Intel announces new 45W 8th Gen hexacore 'Coffee Lake-H' CPUs led by the Core i9-8950HK
Intel has finally revealed details of its upcoming 'Coffee Lake-H' (CFL-H) 45W chips. These CPUs belong to the 8th generation family and are fabricated using the 14nm++ process. Till now, the 'Coffee Lake' family comprised of the S category of desktop-class CPUs starting from the 65W quad-core Core i3-8100 to the 95W hexa-core Core i7-8700K. Gaming and multimedia notebooks have immensely benefited from the 45W 7th generation 'Kaby Lake' chips, particularly the Core i7-7700HQ, as they offer the right balance of power and portability. Now, Intel wants to up the ante by introducing 45W 8th generation chips with added cores and boosted clocks. Let's check out what these new chips have to offer.
Positioning in the mobile space
Intel now has a very formidable lineup of options in the enthusiast mobile space. The 8th generation mobile CPU family now broadly encompasses the U- and H-series processors. The U-series 'Kaby Lake-R' chips are rated at a 15W TDP and are great for road warriors. They now come updated with Iris Plus graphics — a significant step up from the UHD graphics commonly found in this segment. The H-series is where the action starts and it comprises of the Intel 'Kaby Lake-G' with Radeon Vega M graphics, the new 45W 'Coffee Lake-H' chips with optional Platform Extension via Intel Optane, and finally the enterprise grade 45W Xeon E CPUs with Intel vPro.
Intel is positioning the standard 45W CFL-H chips as the CPU of choice for mobile gaming and content creation with the Platform Extension variants being targeted at high-end virtual/mixed reality consumption and simultaneous gaming and streaming without significant frame rate loss.
Core i9-8950HK — The new King of the Hill
Intel's bid to increase core counts is just one aspect of the new launch. The other is the introduction of the Core i9 series into the mobile enthusiast lineup, which till now topped off with the Core i7s. We did speculate about the introduction of the Core i9 in the CFL lineup so this isn't exactly surprising. The Core i9-8950HK is Intel's crème de la crème offering in this family but it is not the exact Core i9 you've come to expect. The Core i9 first made its mark in Intel's high-end desktop (HEDT) offerings in the form of the 'Skylake-X' Core i9-7900X and the Core i9-7920X as an answer to AMD Threadripper. With 10 cores and 20 threads, the Core i9-7900X runs at a 3.3 GHz base and up to 4.5 GHz turbo with a 160W TDP envelope and costs half an arm and a leg. The new Core i9-8950HK, however, is more lenient. With a 2.9 GHz base clock and TDP rated at 45W, you'd be forgiven to think that this is bears semblance to a Core i7-7820HK from the 7th generation 'Kaby Lake' family — which it indeed is. However, the turbo boost clock is where things get interesting. We will get to that in a bit.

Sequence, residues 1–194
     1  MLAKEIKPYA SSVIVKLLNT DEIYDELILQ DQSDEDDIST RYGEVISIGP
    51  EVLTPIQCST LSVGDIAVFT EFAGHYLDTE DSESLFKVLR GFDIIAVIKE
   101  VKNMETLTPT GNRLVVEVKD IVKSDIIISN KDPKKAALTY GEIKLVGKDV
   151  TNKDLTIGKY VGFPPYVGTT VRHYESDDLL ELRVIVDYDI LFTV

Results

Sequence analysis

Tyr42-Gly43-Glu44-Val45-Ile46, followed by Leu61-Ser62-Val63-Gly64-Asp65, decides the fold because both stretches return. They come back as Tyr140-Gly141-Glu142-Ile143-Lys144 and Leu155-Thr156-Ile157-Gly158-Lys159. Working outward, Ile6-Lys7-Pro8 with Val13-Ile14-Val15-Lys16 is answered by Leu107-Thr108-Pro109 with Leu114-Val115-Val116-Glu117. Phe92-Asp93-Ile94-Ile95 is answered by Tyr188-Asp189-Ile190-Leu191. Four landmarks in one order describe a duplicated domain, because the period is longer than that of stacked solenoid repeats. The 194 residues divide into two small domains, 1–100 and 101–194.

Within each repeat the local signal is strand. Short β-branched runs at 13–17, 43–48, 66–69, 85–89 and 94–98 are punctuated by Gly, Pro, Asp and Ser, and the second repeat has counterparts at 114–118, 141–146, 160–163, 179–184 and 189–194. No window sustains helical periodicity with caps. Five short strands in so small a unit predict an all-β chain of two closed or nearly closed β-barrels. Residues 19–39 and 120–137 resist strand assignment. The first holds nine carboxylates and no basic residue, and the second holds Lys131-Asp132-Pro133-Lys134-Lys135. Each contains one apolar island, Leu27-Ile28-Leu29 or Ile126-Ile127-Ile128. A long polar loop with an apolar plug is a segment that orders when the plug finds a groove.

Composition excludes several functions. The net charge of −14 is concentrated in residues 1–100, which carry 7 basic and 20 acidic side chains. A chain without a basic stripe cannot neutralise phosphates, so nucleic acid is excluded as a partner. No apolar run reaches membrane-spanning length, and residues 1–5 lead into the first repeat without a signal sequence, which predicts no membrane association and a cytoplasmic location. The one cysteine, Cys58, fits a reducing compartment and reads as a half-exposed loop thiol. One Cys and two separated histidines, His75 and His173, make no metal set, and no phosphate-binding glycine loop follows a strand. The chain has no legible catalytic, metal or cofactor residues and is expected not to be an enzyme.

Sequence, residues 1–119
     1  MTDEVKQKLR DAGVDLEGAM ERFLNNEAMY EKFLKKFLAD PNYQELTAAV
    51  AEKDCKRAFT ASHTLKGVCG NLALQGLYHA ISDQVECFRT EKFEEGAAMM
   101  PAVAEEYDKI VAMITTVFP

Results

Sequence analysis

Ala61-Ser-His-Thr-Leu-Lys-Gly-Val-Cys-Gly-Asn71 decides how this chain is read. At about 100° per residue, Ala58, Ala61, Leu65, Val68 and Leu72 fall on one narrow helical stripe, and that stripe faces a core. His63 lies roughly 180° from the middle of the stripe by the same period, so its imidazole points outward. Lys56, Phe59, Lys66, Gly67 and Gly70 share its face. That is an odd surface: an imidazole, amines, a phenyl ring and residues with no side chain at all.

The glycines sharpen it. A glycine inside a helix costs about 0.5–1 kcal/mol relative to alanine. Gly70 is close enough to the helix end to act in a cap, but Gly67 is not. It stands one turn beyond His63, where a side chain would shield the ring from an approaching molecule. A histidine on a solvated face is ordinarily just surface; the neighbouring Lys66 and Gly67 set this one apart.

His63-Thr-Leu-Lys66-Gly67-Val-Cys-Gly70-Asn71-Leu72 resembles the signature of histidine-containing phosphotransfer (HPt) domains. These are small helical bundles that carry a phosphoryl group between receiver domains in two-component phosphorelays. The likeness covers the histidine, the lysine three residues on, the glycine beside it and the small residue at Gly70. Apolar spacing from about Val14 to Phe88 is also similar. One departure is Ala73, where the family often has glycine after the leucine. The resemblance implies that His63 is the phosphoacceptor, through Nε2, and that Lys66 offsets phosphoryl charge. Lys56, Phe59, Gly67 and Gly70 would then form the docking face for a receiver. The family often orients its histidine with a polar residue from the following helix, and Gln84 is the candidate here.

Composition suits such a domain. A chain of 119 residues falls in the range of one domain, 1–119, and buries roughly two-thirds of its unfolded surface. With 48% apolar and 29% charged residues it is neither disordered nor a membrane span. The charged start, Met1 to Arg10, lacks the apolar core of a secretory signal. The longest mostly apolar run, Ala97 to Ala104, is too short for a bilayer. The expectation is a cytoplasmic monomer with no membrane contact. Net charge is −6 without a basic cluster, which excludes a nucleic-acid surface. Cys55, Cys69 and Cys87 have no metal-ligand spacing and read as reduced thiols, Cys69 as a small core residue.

The new chip plays well with the new Intel 300-series chipset. The 300-series chipset will feature enhanced I/O and audio along with, for the first time, integrating Gigabit Wi-Fi and USB 3.1 Gen2 onboard. Generally, both Wi-Fi and USB controllers are supplied by third-parties and interface with the chipset on the motherboard via PCIe lanes. We've been hearing about Intel's plans for integrating USB 3.1 and Gigabit Wi-Fi onboard their upcoming 300-series chipsets for quite some time now and it is good to know that the chip maker has finally delivered in this aspect. Integrating Gigabit Wi-Fi and USB 3.1 Gen2 directly on the chipset will free up some of the PCIe lanes. It might not mean much in the real world given that the 300-series chipsets can sport up to 24 PCIe 3.0 lanes. The new chips also make good use of Intel Optane memory and the Platform Extension variants of these CPUs feature out-of-the box support for Intel Optane memory. Together, Intel is promising significant improvements in load times and acceleration of everyday tasks.
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Thermal Velocity Boost - Benefit or Gimmick?